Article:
Once upon a time.

June 2, 2012 at 10:48 AM | Posted in I'm related to these people., We Have a Bear on our State Quarter | 1 Comment

Here’s some olde Alaska!  Check out this photo of two couples, one complete with their catch of the day.  Fish that touch the ground taste like the ground and lose their eyes and unmarked sides to ravenous seagulls.  We’re all about seafood quality in Bristol Bay.  Hence, Mrs. Carlson’s refusal to put down her fish and expose it to less than awesome conditions.  I can so relate!  I wouldn’t put it down either.  As Gollum sang, “Our only wish, to catch a fish, so juicy sweet!”  Besides, a beautiful fish is an excellent addition to any photo, yes?

Grandpa James and Grandma Olga

As funny as the fish part is, the portion of this photo that matters to me is on the right, where my paternal great-grandparents and their daughter, Mary, stand together in the sun.  This photo is the first image I’ve ever seen of this generation of my dad’s family, so it’s of great worth.  Old photos are rare enough, but documentation of my great-grandfather is practically non-existent.  See, my great-grandfather was as slippery as Mrs. Carlson’s fish.  There is one scrap of evidence in an Army log book that states, “James F. Timmerman; drunk and disorderly downtown…again,” but after that, nothing until 1918 when he showed up in Nome, Alaska with the listed occupation, “Gold Prospector.”  Then, he somehow made his way to Dillingham.  Throughout his life there, he didn’t write any letters and didn’t receive any either.  He never left Dillingham, and no one came to visit him.   He met and married my great-grandmother but managed to remain secretive even in that as she spoke no English and, according to my dad, he “spoke no Native.”  And he didn’t reveal much about himself to anyone else either.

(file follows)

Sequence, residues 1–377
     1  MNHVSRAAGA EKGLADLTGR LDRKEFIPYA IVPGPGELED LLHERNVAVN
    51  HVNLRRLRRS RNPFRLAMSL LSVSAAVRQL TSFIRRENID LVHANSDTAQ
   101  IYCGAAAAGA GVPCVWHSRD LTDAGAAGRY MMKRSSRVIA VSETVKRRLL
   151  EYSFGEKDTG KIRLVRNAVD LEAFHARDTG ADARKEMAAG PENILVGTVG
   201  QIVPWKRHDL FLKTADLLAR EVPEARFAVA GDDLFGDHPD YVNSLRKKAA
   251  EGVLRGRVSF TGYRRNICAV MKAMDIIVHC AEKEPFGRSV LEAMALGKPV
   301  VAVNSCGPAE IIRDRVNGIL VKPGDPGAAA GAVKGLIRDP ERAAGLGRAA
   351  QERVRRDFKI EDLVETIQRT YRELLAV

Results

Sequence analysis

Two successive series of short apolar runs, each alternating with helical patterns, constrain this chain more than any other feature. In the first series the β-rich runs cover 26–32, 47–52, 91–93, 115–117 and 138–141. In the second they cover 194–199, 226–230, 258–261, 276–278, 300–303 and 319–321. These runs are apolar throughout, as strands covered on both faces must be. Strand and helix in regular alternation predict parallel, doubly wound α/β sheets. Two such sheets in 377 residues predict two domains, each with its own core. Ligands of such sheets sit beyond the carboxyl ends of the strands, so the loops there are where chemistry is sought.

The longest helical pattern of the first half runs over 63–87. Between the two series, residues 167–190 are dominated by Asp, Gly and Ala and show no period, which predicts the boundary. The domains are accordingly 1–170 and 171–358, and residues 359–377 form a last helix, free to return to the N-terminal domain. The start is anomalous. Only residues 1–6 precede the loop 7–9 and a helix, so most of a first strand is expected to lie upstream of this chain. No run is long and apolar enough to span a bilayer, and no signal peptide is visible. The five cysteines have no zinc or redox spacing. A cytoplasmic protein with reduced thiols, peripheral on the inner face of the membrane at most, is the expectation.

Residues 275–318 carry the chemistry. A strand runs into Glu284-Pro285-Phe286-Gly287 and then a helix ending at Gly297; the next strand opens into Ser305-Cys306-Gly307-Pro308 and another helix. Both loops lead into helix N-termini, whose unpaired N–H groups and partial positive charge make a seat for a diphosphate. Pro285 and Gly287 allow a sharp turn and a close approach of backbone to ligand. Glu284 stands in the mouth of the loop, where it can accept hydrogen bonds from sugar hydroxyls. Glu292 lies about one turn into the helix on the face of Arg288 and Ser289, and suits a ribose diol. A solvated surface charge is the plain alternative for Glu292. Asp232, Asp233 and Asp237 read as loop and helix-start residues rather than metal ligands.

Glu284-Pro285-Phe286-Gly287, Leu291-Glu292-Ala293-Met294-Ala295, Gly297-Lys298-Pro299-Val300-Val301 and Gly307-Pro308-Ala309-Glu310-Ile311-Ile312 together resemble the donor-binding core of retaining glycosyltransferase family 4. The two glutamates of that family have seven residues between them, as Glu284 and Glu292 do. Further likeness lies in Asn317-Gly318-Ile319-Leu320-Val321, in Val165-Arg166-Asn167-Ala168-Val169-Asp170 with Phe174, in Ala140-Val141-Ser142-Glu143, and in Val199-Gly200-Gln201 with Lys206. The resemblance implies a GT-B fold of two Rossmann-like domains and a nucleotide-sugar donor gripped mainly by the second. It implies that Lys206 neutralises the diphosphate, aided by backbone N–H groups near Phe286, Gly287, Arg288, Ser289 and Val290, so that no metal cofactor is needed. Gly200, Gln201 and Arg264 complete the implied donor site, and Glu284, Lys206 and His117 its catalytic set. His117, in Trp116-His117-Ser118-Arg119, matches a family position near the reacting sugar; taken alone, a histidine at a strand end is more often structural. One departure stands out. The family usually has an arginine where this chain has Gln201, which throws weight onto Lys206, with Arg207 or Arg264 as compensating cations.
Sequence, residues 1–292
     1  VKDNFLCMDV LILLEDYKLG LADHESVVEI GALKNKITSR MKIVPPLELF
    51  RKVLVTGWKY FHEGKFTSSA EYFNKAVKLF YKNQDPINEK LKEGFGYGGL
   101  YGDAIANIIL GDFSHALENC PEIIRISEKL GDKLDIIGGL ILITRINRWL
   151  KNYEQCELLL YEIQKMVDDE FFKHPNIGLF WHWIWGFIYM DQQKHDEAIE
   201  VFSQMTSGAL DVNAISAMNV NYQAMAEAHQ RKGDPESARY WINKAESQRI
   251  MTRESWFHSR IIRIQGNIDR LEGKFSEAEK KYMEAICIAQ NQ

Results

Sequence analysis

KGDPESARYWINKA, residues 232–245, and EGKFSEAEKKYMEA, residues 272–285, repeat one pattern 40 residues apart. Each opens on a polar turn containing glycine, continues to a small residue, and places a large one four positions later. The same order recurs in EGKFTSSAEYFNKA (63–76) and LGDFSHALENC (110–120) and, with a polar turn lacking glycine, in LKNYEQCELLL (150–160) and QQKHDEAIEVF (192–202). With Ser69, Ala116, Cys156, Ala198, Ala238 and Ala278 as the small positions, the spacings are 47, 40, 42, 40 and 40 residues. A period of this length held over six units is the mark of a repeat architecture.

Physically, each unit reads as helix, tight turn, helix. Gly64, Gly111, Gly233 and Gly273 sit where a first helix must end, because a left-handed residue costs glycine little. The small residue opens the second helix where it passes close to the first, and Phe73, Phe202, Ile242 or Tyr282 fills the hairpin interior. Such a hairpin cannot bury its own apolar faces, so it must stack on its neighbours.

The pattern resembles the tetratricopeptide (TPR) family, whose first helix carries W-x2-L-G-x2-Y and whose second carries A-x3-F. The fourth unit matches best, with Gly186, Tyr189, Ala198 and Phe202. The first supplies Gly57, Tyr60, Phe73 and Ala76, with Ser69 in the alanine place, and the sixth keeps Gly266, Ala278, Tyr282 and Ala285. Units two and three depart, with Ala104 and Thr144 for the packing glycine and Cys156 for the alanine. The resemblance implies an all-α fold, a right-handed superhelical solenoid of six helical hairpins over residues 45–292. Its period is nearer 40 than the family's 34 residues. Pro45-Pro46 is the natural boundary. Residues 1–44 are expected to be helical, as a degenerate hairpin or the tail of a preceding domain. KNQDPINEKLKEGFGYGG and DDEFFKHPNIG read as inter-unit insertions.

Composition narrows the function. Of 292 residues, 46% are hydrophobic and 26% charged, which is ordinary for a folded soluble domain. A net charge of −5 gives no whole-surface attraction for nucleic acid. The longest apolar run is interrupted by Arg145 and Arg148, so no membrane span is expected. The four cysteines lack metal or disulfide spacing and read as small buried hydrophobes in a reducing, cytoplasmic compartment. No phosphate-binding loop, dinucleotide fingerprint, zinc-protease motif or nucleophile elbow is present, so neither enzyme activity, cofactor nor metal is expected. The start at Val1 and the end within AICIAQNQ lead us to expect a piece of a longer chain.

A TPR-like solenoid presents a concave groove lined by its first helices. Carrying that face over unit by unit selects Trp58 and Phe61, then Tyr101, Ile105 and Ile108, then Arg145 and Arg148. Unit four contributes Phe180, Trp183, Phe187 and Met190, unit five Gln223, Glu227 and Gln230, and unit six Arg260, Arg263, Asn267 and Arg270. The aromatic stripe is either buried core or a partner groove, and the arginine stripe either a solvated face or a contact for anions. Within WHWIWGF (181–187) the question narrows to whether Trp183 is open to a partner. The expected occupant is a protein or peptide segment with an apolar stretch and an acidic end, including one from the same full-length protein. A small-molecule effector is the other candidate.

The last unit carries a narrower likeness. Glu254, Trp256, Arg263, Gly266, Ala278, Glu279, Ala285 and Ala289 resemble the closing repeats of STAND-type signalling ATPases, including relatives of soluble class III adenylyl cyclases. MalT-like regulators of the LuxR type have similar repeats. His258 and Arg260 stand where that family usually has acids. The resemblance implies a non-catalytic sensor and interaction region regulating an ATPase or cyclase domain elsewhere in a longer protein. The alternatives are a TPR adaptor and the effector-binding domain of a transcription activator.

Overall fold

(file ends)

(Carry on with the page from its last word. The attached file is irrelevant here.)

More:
There are two census records that show his existence in Alaska and one reference to a brother named Charles in Ferndale, Washington, but beyond that, Jim Timmerman is an unknown.  I suppose that meager collage is a lot for this era in rural Alaska, but I want to know more.  And it’s kind of driving me crazy.

I want to know who this guy was and why he chose to disappear into the place and culture of southwestern Alaska.  I want to know how many brothers and sisters he had and where his parents came from.  I want to if he liked Alaska or if he just didn’t have anywhere else to go.  I want to know how tall he was and what he admired.  I want to know if he could read and write.  I want to know what his talents were.  I want to know what he believed.

Despite all the mystery, one thing is sure: I love that he is holding his little girl’s hand.

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  1. I’m doing a measly two-page paper for school, am stuck on the second page, & remembered the “drunk and disorderly downtown again” bit so I googled it. I’m glad I did. I love this piece! “Slippery as Mrs. Carlson’s fish” is the written equivalent of shared smoked salmon! I also love that he’s holding his daughter’s hand!


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